Ministers of Liturgical Music, Instrumentalists: SttL 41-44

Early in their document, Sing to the Lord, the US bishops review the various ministerial roles within liturgical music. Writing of any instrumentalists, the bishops remind us of their purpose with regard to the song of the assembly: “lead and sustain … without dominating or overpowering.”

The bishops praise the addition of variety, color, and especially harmony to the singing (42). They write to encourage improvisation (43), especially when prepared music ends before the ritual action, but caution against “mere background sound.” If instrumentalists can’t improvise, then “published literature” is recommended.

Instrumental music may serve “as a prelude before the Mass, an instrumental piece during the Preparation of the Gifts, a recessional if there is no closing song, or a postlude following a closing song.” (44)

There’s not a lot of depth here. Not mentioned is the value of coordinating instrumental music among two or more players. Ensembles of musicians provide an opportunity to model the ideals of Christian community: sharing prepared arrangements, coordinating improvisation, and most of all, practicing the discipline of listening.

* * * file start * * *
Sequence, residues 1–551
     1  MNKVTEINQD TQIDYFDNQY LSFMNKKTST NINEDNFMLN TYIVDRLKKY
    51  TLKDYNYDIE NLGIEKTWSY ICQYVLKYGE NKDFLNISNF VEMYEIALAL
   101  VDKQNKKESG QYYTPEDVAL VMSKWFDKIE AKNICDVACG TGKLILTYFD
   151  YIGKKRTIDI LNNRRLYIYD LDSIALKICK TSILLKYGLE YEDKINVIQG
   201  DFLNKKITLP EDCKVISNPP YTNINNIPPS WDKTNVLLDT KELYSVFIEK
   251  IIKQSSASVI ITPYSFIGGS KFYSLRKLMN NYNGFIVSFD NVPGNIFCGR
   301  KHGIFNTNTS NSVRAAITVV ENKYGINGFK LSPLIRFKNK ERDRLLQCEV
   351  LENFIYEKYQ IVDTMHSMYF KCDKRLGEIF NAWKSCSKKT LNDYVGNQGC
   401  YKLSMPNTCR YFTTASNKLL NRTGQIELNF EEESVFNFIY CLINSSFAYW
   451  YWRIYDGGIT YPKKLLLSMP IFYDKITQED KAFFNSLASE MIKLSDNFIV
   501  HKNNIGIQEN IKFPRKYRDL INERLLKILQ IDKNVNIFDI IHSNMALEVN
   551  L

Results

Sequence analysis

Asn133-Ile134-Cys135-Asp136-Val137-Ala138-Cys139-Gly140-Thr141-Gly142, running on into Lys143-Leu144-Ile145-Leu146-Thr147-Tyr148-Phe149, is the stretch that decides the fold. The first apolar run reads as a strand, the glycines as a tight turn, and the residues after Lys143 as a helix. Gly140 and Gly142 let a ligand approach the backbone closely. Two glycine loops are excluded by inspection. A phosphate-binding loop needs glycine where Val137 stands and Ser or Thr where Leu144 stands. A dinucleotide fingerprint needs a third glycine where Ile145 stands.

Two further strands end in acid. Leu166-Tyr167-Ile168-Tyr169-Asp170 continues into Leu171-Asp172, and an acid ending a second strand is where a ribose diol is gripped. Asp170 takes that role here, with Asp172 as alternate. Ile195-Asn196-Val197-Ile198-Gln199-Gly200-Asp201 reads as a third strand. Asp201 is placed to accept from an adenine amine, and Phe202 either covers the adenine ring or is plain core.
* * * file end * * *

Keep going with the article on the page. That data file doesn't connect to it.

Another bit to mention is the importance of attuning one’s musical repertoire to the liturgical season or feast. Otherwise, any comments from the readers?

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About catholicsensibility

Todd lives in the Pacific Northwest, serving a Catholic parish as a lay minister.
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